Im­ran Khan dis­missed Bi­lawal Zar­dari’s speech, say­ing he would not re­spond to a “child.” But when Bi­lawal as­serted, “I am a Bhutto,” Khan re­marked that an ass could not be­come a ze­bra by draw­ing lines on it body.

The PPP chair­man’s most acer­bic re­marks were, how­ever, re­served for the MQM. He squarely blamed the MQM for ru­in­ing Karachi. Ear­lier, he had asked MQM Chief Altaf Hus­sain to rein in his men, threat­en­ing that “else, we shall make their life dif­fi­cult.” Re­act­ing to Bi­lawal’s ful­mi­na­tions, the MQM an­nounced its decision to pull out of the coali­tion gov­ern­ment in Sindh.

Ear­lier, Bi­lawal had in­vited trou­ble by call­ing Tahirul Qadri a “car­toon.” When the lat­ter served him with a le­gal no­tice of a defama­tion suit, there was ker­fuf­fle in the PPP camp. Raja Pervez Ashraf re­port­edly rushed to Qadri with the gift of a camel for Eidul Azha to pla­cate him while Rah­man Ma­lik tried to soothe his nerves with apolo­gies.

Trou­ble seems to have started from the very in­au­gu­ral of the young chair­man. This is an omi­nous sign and would need con­certed ef­forts at dam­age con­trol. He has a long way to go for which he is to­tally un­equipped. He has no met­tle, no achieve­ment in any field and not even charisma. That is why he has dis­carded his iden­ti­fi­ca­tion as a Zar­dari and bor­rowed the Bhutto name for a shine, which be­trays his lack of self-con­fi­dence. Add to this the la­bel of ‘Mr. 10 Per­cent’ at­tached to his fa­ther’s name.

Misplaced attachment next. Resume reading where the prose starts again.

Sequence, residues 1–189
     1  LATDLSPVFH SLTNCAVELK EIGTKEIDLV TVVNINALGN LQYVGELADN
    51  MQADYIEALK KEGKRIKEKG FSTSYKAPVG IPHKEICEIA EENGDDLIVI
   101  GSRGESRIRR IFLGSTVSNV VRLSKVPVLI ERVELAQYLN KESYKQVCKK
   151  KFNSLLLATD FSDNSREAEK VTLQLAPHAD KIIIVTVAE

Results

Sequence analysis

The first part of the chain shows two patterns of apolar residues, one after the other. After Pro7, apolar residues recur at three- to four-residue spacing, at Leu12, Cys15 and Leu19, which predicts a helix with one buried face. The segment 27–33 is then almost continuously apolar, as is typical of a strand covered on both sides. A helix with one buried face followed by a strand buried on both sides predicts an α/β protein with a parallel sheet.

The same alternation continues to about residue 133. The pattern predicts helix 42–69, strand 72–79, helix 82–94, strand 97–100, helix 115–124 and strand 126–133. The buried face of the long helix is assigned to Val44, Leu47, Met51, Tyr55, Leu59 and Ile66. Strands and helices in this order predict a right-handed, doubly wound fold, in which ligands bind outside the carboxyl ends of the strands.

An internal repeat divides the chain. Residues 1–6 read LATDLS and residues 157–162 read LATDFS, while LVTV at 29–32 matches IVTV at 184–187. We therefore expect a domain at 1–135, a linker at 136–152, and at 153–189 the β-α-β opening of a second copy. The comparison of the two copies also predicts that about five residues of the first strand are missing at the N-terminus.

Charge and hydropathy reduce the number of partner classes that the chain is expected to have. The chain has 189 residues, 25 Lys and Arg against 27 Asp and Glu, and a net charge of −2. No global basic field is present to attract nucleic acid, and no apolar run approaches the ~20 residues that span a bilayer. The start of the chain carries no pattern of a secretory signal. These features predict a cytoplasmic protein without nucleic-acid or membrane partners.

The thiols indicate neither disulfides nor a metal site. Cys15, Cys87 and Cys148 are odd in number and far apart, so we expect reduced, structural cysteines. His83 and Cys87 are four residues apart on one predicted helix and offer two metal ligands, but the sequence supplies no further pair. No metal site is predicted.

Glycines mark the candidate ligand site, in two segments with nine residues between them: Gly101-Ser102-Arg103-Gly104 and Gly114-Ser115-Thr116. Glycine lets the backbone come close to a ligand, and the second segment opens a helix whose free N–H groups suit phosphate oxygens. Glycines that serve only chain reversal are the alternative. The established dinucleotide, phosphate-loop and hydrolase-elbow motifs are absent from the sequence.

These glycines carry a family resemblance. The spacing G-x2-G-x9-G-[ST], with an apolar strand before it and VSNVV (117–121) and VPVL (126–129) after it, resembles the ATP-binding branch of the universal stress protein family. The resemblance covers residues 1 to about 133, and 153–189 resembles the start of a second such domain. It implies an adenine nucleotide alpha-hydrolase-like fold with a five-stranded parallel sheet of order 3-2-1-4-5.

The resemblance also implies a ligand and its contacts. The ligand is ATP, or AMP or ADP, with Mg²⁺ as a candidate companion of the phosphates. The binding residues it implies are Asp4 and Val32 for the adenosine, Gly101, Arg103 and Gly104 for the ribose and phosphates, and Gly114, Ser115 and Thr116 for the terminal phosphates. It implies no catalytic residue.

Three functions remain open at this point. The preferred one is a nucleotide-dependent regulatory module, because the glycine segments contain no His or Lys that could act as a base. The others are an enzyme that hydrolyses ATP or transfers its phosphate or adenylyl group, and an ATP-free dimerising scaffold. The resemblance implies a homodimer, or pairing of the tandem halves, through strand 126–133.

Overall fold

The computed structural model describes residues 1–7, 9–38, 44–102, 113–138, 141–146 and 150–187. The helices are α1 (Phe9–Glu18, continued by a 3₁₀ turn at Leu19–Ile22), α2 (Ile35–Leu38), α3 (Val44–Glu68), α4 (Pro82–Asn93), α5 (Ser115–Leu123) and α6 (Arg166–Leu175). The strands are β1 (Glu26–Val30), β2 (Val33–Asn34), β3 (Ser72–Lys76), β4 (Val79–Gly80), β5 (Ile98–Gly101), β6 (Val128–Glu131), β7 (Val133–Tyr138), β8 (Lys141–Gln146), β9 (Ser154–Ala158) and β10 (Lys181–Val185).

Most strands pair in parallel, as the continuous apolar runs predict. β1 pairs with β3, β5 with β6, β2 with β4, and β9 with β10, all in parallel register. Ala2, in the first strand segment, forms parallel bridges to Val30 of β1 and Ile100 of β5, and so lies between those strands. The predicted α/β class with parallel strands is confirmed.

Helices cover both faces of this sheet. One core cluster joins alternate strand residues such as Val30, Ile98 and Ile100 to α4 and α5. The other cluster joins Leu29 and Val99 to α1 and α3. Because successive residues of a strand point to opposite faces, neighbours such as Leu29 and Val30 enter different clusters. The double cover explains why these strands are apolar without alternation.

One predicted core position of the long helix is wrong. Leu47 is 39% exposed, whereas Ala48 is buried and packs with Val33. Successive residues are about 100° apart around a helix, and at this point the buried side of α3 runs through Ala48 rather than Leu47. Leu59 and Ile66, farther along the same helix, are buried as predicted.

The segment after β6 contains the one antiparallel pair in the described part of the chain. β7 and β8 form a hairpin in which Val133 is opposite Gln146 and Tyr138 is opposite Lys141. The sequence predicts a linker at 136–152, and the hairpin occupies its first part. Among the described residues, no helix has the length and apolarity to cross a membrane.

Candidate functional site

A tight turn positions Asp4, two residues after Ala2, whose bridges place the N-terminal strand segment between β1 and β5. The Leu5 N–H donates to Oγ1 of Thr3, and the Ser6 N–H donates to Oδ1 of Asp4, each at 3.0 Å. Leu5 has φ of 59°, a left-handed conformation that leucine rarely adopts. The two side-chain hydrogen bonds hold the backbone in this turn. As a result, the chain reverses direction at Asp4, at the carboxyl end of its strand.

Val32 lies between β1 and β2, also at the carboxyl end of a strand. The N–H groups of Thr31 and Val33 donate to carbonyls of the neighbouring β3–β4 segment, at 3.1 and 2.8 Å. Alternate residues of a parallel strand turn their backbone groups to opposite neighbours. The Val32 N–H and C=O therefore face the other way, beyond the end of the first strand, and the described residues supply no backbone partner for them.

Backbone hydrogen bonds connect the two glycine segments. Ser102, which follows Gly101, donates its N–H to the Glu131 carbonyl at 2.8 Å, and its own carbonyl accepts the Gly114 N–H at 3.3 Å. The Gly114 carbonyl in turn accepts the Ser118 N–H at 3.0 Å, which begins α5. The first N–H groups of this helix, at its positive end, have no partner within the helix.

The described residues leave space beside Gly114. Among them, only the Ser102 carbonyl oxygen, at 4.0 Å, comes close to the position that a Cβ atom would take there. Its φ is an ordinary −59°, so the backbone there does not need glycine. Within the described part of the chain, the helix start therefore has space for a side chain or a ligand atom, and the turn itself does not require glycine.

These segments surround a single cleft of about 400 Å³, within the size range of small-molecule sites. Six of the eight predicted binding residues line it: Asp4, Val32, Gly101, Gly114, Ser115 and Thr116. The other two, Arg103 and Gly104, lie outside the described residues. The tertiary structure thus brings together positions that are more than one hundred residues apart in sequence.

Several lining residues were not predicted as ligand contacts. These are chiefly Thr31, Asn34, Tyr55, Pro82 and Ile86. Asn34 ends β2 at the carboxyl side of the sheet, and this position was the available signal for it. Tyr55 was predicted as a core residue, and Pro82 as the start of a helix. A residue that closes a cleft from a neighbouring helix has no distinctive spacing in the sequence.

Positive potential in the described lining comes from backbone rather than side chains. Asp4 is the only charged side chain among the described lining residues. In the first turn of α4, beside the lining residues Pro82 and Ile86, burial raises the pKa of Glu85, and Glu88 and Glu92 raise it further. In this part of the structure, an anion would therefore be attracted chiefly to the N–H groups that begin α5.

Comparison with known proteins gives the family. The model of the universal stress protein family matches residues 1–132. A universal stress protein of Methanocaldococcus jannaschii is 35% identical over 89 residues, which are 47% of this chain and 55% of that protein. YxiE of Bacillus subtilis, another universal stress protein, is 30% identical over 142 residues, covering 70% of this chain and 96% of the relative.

This is quite a heavy bag­gage that threat­ens to im­pede Bi­lawal’s po­lit­i­cal jour­ney. Be­sides, it is widely be­lieved that he plays no ac­tive role in the party’s decision-mak­ing. Those roles are played by his fa­ther and Faryal Talpur - his fa­ther’s sis­ter. If Bi­lawal re­ally in­tends to lead the party, he must shed this bag­gage. He must walk out of the shadow of his fa­ther and aunt and prove his met­tle.